Free and Open Decentralized Data Store
Tahoe-LAFS (Tahoe Least-Authority File Store) is the first free software / open-source storage technology that distributes your data across multiple servers. Even if some servers fail or are taken over by an attacker, the entire file store continues to function correctly, preserving your privacy and security.
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💡 About Tahoe-LAFS
Tahoe-LAFS helps you to store files while granting confidentiality, integrity, and availability of your data.
How does it work? You run a client program on your computer, which talks to one or more storage servers on other computers. When you tell your client to store a file, it will encrypt that file, encode it into multiple pieces, then spread those pieces out among various servers. The pieces are all encrypted and protected against modifications. Later, when you ask your client to retrieve the file, it will find the necessary pieces, make sure they haven’t been corrupted, reassemble them, and decrypt the result.
The client creates pieces (“shares”) that have a configurable amount of redundancy, so even if some servers fail, you can still get your data back. Corrupt shares are detected and ignored so that the system can tolerate server-side hard-drive errors. All files are encrypted (with a unique key) before uploading, so even a malicious server operator cannot read your data. The only thing you ask of the servers is that they can (usually) provide the shares when you ask for them: you aren’t relying upon them for confidentiality, integrity, or absolute availability.
Tahoe-LAFS was first designed in 2007, following the "principle of least authority", a security best practice requiring system components to only have the privilege necessary to complete their intended function and not more.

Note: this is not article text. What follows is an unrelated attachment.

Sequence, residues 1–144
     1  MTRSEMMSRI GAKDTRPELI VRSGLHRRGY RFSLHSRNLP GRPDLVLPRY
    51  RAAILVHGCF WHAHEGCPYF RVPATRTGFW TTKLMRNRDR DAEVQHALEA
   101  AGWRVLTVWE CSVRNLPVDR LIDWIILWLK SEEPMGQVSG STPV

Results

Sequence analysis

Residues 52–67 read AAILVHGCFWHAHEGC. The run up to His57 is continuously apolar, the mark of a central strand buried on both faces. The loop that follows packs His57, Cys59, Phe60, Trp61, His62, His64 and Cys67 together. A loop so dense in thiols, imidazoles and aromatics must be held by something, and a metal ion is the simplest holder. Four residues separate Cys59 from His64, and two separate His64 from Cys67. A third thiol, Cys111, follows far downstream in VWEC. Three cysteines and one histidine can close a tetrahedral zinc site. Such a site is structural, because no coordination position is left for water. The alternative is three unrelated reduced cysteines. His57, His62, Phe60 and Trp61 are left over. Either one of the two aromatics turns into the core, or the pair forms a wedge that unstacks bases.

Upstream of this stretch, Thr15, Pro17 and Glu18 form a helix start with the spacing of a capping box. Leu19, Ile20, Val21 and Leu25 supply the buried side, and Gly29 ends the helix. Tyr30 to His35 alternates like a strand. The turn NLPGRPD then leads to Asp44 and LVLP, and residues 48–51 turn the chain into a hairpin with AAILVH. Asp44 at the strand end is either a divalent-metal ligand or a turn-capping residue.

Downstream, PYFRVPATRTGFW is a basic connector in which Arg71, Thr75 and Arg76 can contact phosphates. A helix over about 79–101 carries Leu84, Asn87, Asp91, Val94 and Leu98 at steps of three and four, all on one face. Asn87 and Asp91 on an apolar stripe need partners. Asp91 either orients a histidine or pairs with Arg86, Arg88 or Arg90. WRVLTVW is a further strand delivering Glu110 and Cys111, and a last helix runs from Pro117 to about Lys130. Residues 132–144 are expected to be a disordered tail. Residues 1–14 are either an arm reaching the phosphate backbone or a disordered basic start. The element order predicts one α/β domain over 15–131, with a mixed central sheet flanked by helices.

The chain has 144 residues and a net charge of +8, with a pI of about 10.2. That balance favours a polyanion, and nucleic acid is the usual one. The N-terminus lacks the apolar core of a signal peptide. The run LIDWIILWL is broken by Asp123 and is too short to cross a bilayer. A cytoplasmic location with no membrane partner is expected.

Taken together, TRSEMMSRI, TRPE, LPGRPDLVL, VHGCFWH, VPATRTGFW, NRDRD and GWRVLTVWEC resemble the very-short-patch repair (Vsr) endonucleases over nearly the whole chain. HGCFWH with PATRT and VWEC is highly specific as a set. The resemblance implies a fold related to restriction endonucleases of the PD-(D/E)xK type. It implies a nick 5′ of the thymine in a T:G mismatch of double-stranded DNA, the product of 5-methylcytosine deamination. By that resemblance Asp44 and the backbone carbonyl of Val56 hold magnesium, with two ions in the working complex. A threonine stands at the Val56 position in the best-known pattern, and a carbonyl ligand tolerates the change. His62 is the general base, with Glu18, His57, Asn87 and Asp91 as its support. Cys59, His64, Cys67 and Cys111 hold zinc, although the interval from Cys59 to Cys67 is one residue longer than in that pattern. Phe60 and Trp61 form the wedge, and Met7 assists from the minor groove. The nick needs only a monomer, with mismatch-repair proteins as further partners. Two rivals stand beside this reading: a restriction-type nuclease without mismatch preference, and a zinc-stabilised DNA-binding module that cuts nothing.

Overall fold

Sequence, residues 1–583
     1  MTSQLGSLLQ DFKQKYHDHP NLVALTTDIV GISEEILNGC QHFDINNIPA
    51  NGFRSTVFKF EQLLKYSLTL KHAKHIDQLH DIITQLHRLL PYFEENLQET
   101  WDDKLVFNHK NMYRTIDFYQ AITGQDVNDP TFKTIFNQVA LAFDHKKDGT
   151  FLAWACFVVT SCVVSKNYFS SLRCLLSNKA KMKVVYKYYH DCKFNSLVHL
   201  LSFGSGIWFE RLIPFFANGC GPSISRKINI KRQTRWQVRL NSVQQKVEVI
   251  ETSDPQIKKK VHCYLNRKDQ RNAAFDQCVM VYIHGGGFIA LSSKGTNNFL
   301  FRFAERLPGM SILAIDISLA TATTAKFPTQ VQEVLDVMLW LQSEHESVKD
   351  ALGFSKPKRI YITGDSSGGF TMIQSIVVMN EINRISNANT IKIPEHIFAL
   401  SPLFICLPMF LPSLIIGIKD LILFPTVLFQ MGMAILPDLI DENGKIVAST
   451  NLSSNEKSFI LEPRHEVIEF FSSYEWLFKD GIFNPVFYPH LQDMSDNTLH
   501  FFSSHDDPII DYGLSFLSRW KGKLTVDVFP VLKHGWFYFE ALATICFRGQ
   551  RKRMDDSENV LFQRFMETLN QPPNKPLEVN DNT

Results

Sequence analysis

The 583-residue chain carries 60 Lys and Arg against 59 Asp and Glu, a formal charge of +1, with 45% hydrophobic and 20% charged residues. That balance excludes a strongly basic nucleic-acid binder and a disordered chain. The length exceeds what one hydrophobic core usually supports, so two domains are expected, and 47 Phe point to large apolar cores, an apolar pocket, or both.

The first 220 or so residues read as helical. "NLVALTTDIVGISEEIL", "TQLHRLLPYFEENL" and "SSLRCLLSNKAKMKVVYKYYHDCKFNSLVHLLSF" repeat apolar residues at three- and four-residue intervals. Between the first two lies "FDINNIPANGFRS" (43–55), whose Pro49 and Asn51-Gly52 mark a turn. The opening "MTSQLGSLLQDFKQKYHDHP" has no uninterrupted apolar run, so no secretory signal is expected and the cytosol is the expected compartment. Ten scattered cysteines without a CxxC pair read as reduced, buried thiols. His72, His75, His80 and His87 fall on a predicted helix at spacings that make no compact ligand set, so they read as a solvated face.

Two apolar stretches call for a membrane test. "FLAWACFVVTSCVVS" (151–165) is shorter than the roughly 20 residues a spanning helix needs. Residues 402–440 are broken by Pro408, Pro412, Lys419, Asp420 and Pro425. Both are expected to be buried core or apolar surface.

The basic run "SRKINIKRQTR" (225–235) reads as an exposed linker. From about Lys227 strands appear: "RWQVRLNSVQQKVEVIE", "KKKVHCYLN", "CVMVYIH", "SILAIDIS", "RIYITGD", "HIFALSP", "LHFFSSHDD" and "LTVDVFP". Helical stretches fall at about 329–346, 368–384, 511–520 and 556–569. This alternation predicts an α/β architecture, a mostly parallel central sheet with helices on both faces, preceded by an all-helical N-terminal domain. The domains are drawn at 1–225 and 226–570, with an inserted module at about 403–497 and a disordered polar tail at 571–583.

Please read more about Tahoe-LAFS architecture here.
For more detailed instructions, read Installing Tahoe-LAFS.
tahoe --version works, see How to Run Tahoe-LAFS to learn how to set up your first Tahoe-LAFS node.
🐍 Python 2
Python 3.8 or later is required. If you are still using Python 2.7, use Tahoe-LAFS version 1.17.1.
Tahoe-LAFS uses the Trac instance to track issues. Please email jean-paul plus tahoe-lafs at leastauthority dot com for an account.
You can find the full Tahoe-LAFS documentation at our documentation site.
Get involved with the Tahoe-LAFS community:
- Chat with Tahoe-LAFS developers at
#tahoe-lafschannel on libera.chat IRC network or Slack.
- Join our weekly conference calls with core developers and interested community members.
- Subscribe to the tahoe-dev mailing list, the community forum for discussion of Tahoe-LAFS design, implementation, and usage.
As a community-driven open source project, Tahoe-LAFS welcomes contributions of any form:
Before authoring or reviewing a patch, please familiarize yourself with the Coding Standard and the Contributor Code of Conduct.
🥳 First Contribution?
If you are committing to Tahoe for the very first time, it's required that you add your name to our contributor list in CREDITS. Please ensure that this addition has it's own commit within your first contribution.
We would like to thank Fosshost for supporting us with hosting services. If your open source project needs help, you can apply for their support.
We are grateful to Oregon State University Open Source Lab for hosting tahoe-dev mailing list.
Need more information? Please check our FAQ page.
Copyright 2006-2020 The Tahoe-LAFS Software Foundation
You may use this package under the GNU General Public License, version 2 or, at your option, any later version. You may use this package under the Transitive Grace Period Public Licence, version 1.0, or at your choice, any later version. (You may choose to use this package under the terms of either license, at your option.) See the file COPYING.GPL for the terms of the GNU General Public License, version 2. See the file COPYING.TGPPL for the terms of the Transitive Grace Period Public Licence, version 1.0.
See TGPPL.PDF for why the TGPPL exists, graphically illustrated on three slides.